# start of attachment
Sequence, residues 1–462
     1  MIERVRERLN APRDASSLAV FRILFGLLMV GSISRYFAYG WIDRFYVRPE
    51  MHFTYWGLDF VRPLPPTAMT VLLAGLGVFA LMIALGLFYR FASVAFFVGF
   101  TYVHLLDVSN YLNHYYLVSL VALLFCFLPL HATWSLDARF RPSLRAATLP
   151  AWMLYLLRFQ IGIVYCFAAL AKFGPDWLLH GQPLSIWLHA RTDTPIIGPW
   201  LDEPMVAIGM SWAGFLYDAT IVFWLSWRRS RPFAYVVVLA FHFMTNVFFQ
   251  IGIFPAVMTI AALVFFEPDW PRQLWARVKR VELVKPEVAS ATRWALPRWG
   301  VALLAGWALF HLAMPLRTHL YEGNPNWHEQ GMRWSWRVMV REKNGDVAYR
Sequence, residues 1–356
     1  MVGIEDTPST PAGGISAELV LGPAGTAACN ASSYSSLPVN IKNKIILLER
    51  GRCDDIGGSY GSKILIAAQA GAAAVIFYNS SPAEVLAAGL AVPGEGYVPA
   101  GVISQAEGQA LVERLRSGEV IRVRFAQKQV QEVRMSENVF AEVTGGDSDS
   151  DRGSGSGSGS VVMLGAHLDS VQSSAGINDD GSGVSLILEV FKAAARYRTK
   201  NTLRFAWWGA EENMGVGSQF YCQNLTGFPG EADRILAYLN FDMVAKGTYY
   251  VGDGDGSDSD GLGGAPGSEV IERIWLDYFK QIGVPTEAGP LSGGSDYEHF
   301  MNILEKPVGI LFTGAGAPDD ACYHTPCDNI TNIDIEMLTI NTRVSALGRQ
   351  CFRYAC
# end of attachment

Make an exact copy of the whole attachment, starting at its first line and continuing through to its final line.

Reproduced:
Sequence, residues 1–462
     1  MIERVRERLN APRDASSLAV FRILFGLLMV GSISRYFAYG WIDRFYVRPE
    51  MHFTYWGLDF VRPLPPTAMT VLLAGLGVFA LMIALGLFYR FASVAFFVGF
   101  TYVHLLDVSN YLNHYYLVSL VALLFCFLPL HATWSLDARF RPSLRAATLP
   151  AWMLYLLRFQ IGIVYCFAAL AKFGPDWLLH GQPLSIWLHA RTDTPIIGPW
   201  LDEPMVAIGM SWAGFLYDAT IVFWLSWRRS RPFAYVVVLA FHFMTNVFFQ
   251  IGIFPAVMTI AALVFFEPDW PRQLWARVKR VELVKPEVAS ATRWALPRWG
   301  VALLAGWALF HLAMPLRTHL YEGNPNWHEQ GMRWSWRVMV REKNGDVAYR
Sequence, residues 1–356
     1  MVGIEDTPST PAGGISAELV LGPAGTAACN ASSYSSLPVN IKNKIILLER
    51  GRCDDIGGSY GSKILIAAQA GAAAVIFYNS SPAEVLAAGL AVPGEGYVPA
   101  GVISQAEGQA LVERLRSGEV IRVRFAQKQV QEVRMSENVF AEVTGGDSDS
   151  DRGSGSGSGS VVMLGAHLDS VQSSAGINDD GSGVSLILEV FKAAARYRTK
   201  NTLRFAWWGA EENMGVGSQF YCQNLTGFPG EADRILAYLN FDMVAKGTYY
   251  VGDGDGSDSD GLGGAPGSEV IERIWLDYFK QIGVPTEAGP LSGGSDYEHF
   301  MNILEKPVGI LFTGAGAPDD ACYHTPCDNI TNIDIEMLTI NTRVSALGRQ
   351  CFRYAC